In 1922, after twenty-four years, 1946 (Richard) Constitution came into force after the Second World War. For the first time, Nigeria was divided into regions: the Northern, Western and Eastern Regions. Returning African veterans from the Second World War who were conscripted to fight for the British came back with a deeper understanding of self-governance and sovereignty. Generally, the 1946 Constitution established a framework for the participation of all sections of Nigeria in the legislative process, thereby guaranteeing a majority for indigenous Nigerians both in the House of Assembly and legislative council.

Again, after five years, the 1951 (Macpherson) Constitution was enacted as a by-product of an unprecedented process of consultation with Nigerians. The process leading to the making of this Constitution involved Village, District, Divisional, Provincial and Regional meetings and consultations – before the national conference. For the first time, the federal system of government was established and the presence of African elected majorities in the Central Legislature and in the Regional Houses of Assembly.

In 1954, after three years, the 1954 (Lyttleton) Constitution was enacted. This Constitution made the regional governments independent of the central government and also established a unicameral legislature for the federal government and for each of the three regional governments. This Constitution made Lagos the Federal Capital Territory and established regional public services for the regions. Under this Constitution, Ministers were given specific portfolios for the first time.

Nigeria gained political independence in 1960 and the 1960 Constitution was enacted to establish a parliamentary system of government. It equally established a bicameral legislature (Senate and the House of Representatives), as well as a House of Assembly and House of Chiefs at the regions. Legislative powers of the government were, for the first time, delineated into three categories, i.e. the exclusive, concurrent and residual.

This parliamentary Constitution recognised the British monarch as the Head of State while the Prime Minister was elected by the federal parliament to act as the head of the Federal Executive Council. However, the main challenge with this Constitution was that a Governor-General was designated as a representative of the British monarch, instead of the establishment of a Constitution which represented the independent status of Nigeria.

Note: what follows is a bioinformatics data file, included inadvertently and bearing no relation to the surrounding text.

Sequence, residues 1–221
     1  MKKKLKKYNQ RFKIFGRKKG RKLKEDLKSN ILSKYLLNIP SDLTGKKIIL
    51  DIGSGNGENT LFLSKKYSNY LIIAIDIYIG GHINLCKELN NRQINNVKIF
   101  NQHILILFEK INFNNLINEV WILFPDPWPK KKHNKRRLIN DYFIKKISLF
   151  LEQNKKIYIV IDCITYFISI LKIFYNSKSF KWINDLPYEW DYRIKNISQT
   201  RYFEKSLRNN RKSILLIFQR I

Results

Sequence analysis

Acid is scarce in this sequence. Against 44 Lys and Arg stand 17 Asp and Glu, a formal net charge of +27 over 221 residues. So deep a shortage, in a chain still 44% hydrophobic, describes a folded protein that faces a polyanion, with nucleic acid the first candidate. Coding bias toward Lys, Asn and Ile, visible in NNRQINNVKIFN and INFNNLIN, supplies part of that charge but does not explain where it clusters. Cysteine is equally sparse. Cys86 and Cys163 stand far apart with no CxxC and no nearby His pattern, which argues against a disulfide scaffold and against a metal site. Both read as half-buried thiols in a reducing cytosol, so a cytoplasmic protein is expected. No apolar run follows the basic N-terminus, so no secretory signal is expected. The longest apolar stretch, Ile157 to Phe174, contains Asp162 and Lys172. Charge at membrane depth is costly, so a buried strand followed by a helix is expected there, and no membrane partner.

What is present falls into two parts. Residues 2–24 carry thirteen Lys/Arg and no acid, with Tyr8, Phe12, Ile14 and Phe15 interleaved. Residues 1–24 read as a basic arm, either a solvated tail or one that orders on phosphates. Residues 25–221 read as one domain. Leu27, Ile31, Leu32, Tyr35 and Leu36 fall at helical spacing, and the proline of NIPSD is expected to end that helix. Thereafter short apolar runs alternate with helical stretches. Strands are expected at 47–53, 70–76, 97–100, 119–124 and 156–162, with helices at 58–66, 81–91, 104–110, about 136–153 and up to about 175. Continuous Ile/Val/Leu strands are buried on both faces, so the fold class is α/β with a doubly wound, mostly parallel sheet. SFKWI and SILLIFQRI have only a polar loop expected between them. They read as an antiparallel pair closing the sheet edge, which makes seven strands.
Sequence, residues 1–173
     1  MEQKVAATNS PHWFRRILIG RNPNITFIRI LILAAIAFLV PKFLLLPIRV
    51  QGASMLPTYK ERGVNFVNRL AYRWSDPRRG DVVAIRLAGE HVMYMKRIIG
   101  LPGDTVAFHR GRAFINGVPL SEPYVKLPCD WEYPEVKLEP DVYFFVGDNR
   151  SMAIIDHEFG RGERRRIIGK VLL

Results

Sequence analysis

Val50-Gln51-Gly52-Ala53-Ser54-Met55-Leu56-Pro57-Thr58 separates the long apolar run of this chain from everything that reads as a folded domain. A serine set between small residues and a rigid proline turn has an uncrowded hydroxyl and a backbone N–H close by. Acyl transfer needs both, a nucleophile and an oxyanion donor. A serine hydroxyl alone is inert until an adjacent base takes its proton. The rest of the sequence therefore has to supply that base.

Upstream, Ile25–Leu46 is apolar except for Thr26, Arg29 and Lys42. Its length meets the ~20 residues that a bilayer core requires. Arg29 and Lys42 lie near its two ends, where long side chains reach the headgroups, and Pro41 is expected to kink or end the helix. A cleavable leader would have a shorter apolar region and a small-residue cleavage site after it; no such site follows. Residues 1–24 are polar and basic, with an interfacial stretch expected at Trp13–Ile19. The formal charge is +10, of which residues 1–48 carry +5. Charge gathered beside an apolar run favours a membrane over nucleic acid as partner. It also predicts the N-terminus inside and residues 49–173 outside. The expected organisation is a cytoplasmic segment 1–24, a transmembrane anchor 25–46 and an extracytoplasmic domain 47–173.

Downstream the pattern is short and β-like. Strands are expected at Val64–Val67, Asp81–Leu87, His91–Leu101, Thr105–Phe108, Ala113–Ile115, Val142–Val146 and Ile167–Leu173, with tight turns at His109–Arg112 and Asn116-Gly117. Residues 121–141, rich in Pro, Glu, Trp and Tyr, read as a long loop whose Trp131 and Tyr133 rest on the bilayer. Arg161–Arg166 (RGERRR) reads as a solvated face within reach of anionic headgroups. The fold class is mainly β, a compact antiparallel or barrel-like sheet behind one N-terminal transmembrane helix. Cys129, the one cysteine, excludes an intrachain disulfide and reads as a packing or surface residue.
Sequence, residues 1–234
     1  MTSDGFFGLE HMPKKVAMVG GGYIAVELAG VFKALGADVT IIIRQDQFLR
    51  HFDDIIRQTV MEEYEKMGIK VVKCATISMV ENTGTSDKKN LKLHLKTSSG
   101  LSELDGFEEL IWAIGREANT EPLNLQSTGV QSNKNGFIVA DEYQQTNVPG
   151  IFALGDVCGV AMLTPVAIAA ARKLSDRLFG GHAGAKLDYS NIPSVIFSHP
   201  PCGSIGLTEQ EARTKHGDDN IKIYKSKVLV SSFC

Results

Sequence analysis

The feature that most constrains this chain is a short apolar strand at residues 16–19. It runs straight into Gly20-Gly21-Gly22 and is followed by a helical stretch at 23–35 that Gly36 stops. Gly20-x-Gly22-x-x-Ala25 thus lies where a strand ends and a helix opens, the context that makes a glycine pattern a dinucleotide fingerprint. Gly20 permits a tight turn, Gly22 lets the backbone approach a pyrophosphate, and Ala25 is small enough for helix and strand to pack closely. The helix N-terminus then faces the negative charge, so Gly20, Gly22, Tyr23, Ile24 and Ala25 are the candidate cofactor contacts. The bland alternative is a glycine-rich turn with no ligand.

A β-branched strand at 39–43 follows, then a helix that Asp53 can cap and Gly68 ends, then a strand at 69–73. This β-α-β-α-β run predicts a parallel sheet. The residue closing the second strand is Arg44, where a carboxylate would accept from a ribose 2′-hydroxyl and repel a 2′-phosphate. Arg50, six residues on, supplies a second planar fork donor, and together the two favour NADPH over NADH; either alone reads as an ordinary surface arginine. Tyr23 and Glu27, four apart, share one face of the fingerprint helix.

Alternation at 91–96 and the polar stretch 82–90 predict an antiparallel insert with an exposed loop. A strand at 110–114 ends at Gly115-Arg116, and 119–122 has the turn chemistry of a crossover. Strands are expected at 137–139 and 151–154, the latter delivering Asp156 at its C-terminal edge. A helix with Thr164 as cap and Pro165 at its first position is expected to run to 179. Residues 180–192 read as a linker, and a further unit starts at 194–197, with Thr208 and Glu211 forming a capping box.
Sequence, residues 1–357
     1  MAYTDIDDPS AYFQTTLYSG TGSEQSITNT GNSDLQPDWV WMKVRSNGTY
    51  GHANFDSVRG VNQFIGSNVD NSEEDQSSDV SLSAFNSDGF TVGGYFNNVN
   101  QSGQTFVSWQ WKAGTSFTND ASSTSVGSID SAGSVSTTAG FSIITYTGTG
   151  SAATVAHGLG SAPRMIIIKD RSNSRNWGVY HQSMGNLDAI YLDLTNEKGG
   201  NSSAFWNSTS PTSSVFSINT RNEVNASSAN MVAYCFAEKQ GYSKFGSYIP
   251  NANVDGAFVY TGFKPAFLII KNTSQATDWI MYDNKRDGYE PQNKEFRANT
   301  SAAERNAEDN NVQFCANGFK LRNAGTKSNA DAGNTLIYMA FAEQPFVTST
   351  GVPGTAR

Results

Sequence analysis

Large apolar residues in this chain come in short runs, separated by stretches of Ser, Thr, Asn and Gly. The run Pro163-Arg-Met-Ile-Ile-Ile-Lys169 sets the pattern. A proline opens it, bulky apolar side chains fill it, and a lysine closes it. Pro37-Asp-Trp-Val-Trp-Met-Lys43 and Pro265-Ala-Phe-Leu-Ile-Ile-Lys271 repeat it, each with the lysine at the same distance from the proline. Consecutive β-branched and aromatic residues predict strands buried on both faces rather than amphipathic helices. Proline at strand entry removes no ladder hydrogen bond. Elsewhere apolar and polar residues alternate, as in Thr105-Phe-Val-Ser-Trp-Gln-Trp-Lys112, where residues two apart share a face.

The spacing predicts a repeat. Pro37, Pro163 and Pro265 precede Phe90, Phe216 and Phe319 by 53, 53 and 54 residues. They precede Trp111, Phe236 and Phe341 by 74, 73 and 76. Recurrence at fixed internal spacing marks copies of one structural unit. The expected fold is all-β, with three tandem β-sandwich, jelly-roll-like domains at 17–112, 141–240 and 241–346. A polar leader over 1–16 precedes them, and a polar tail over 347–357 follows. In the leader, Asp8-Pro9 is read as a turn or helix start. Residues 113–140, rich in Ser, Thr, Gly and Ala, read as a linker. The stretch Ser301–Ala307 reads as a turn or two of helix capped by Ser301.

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In addition, it denied Nigeria an effective dominion over its judiciary as the Privy Council established by the British Queen was given the final appellate authority instead of the Federal Supreme Court.

The 1963 Constitution birthed the establishment of Nigeria’s first Republic under a parliamentary system of government. It replaced the Governor-General appointed by the British monarch with a President elected directly by members of the Nigerian federal legislature. Also, it replaced the Privy Council and conferred final appellate powers on the Federal Supreme Court.

Appellate powers

A violent military coup in 1966 however set aside this Constitution. The first Republic was ousted by the military dictatorship which lasted for 13 years, ending in 1979. General Olusegun Obasanjo ushered in the Second Republic with the promulgation of a new Constitution, the 1979 Constitution. Under the 1979 Constitution, a federal system of government was again set up comprising of 19 state governments, a Federal Capital Territory, and three arms of government.

The civilian administration of President Shehu Shagari with Vice President Alex Ekwueme who operated under the 1979 Constitution was toppled in 1983 by the military dictatorship of Generals Muhammed Buhari and Tunde Idiagbon. After a series of other regimes – the Babangida military dictatorship (1985-1993), the Shonekan Interim civilian regime, the Abacha military dictatorship (1993-1998) – the final General Abdulsalami Abubakar military regime ushered in another Republic on May 29, 1999 with the enactment of the 1999 Constitution which still operates till today.

One thing is clear – since the amalgamation of Nigeria in 1914, not one constitution had been too sacrosanct to change. Likewise, the Constitution of the Federal Republic of Nigeria in 1999 is not too sacrosanct to change. As a matter of fact, the present Constitution is not working anymore.

In a recent newspaper publication captioned Afe Babalola Seeks New Constitution for Nigeria to Overcome Challenges, I noted as follows: There is a very simple solution to the growing insecurity in the country and that is a new constitution.

We need a new constitution where the different nations that were formed together can develop at their own pace. West was doing well during the old constitution, likewise the East and even the North but the one we are using now whose leaders see politics as the only lucrative business.

We don’t need transactional leaders anymore. We want transformational leaders as you can see I am transforming this place. In the early years in 1960 people were not earning salaries but allowances and they were doing well but now you see people selling their property to contest the election because of money they will get in the office, that is not the ideal thing. The solution is a new constitution for the people. We need people who will serve without earning salaries.